Thursday, January 28, 2010

In My Child's Mind

Apparently right-brain dominant kids are prone to having anxiety at night. Their divergent thinking – the organic, free-form flowing from idea to idea – combined with their tendency to think in pictures and stories and metaphor, and their sense of “reality” as existing within their own minds…well, in the dark of the night that can lead to some intense, upsetting, and persistent thoughts, visions, and feelings. That’s T-Bear to a tee.

Our family has been immersed in a Lost marathon this week. The kids have been wandering in and out, sometimes following the stories, sometimes just checking in for a bit before going off to do something else. But they’re familiar with all of the characters, and one of the most endearing characters in this series is Charlie. Well, last night Charlie died. We all cried, because it was sad, especially when Hugo tells Claire that Charlie is gone and they cling to one another sobbing. Then the scene ended, the next scene began, and we were all fine. Until bedtime. Then, T-Bear got really upset. He started crying and couldn’t stop. It’s not unusual for him to get deeply immersed in upset feelings, and it’s difficult to help him get out of it. Explaining that it’s “just at TV show” and Charlie isn’t really dead because he’s not real doesn’t help. Convergent, logically sequenced thinking doesn’t work because that’s not how his mind works. Sometimes getting him to focus on other, more pleasant thoughts can help, but it’s hard to find a thought in the moment that is enticing enough to his mind to divert it. Mostly we just have to wait it out.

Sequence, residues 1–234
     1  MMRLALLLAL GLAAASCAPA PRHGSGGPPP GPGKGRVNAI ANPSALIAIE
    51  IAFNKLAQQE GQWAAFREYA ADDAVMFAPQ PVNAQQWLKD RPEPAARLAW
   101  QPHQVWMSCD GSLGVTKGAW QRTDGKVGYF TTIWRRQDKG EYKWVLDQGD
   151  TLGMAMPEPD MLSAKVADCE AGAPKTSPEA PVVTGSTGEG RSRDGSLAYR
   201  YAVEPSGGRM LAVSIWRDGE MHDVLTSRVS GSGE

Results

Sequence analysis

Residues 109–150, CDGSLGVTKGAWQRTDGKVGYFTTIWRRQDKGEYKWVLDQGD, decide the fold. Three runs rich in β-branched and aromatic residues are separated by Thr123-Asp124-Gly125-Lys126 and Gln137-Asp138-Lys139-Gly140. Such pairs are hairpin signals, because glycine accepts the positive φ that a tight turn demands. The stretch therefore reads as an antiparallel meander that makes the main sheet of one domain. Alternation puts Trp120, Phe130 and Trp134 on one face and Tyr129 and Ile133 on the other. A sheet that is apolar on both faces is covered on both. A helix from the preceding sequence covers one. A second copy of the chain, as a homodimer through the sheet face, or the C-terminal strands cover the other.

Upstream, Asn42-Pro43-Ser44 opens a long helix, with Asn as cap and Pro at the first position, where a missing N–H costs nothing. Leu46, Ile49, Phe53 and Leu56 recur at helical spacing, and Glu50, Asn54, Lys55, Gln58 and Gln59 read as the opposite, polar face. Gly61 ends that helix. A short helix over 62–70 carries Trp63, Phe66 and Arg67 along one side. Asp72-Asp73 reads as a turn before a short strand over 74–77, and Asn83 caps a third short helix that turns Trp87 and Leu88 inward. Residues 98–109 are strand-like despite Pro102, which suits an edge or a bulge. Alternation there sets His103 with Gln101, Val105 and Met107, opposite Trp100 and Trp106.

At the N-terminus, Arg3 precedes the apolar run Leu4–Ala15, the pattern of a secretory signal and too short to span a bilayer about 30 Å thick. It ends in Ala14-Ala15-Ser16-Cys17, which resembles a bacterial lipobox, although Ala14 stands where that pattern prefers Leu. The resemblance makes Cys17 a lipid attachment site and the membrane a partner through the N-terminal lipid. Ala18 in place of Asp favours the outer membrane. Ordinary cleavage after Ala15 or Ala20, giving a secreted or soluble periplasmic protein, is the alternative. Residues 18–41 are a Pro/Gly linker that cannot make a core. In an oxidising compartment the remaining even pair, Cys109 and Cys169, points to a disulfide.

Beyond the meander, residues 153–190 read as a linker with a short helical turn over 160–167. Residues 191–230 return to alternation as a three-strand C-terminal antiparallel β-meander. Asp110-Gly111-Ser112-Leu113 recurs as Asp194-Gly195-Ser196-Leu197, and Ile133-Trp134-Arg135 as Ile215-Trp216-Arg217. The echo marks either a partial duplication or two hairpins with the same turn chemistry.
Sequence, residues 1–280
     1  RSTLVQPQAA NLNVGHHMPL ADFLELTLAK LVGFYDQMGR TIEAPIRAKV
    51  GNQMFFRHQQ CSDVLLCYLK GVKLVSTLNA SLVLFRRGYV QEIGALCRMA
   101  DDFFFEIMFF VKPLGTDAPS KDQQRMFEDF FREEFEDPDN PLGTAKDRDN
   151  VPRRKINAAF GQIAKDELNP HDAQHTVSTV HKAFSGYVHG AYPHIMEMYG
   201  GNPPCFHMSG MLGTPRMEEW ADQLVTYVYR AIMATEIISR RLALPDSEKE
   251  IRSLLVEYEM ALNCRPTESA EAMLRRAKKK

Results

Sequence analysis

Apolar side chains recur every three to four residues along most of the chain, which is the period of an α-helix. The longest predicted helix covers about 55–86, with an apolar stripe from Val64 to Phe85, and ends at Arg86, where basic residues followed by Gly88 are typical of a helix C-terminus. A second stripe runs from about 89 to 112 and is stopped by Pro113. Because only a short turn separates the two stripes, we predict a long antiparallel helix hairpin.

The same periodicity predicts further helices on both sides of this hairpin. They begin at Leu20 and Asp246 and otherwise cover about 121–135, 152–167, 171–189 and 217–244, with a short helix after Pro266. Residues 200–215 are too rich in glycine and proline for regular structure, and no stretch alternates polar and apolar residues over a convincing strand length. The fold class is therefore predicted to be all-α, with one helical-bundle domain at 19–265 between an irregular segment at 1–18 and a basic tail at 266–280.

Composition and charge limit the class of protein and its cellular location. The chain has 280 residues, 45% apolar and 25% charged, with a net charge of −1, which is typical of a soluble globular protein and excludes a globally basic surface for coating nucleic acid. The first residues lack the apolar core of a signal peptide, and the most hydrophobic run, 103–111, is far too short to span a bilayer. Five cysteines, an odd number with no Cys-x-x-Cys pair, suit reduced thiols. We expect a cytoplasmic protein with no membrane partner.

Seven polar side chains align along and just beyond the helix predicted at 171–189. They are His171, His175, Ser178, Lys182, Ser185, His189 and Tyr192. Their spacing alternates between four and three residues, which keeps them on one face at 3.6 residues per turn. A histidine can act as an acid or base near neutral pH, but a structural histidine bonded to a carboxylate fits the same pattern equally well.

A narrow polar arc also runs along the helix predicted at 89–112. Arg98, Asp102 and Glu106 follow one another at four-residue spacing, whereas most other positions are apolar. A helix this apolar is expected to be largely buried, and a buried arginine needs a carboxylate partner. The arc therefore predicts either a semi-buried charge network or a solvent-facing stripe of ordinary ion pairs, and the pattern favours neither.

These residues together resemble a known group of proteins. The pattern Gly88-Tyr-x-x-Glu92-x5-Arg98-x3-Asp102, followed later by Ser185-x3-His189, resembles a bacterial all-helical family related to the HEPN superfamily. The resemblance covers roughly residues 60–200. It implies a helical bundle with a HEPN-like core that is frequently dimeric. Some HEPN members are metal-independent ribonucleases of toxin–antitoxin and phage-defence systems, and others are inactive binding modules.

After reading the first part of Chapter Two, I’m beginning to understand that divergent-thinking kids think in pictures and stories. I suspect T-Bear got stuck in the picture of Charlie’s death (even though it wasn’t graphic, it was upsetting) and of Hugo and Claire’s grief, and the vision and emotional impact of it was so powerful and enticing to his mind, it wouldn’t let go. I’m beginning to understand that the best approach to help T-Bear out of his upset would have been to co-create an even more enticing story, one as wild and imaginative as possible, in which Charlie is magically saved and reunited with Claire and their friends. A purple mermaid swims in through the broken porthole, takes him off to her people who all live inside a giant golden sea snail’s shell, their magician (who is a brine shrimp) brings him back to life, Charlie charms them with an underwater concert backed up by a band of sea slugs, and they give him a blue walrus to saddle up and ride back to the beach. Giggles and a happy ending. And, hopefully, a good night’s sleep.

I’ve always tried to see through the eyes of our children in an effort to empathize with them and understand where they are coming from. I’m beginning to see now that even more than seeing through their eyes, I’m going to have to start seeing through their minds to gain more understanding of them as people. I’m going to have to learn divergent thinking, wildly irrational creativity, existing in timelessness, and how to be fluent in the metaphorical universe that they live in, if we are going to gain a deeper level of understanding of one another.

Parenting is a challenge beyond any other.

Wednesday, January 27, 2010

Family Heirloom

This plaque used to hang in the home of Papa Bear's grandparents.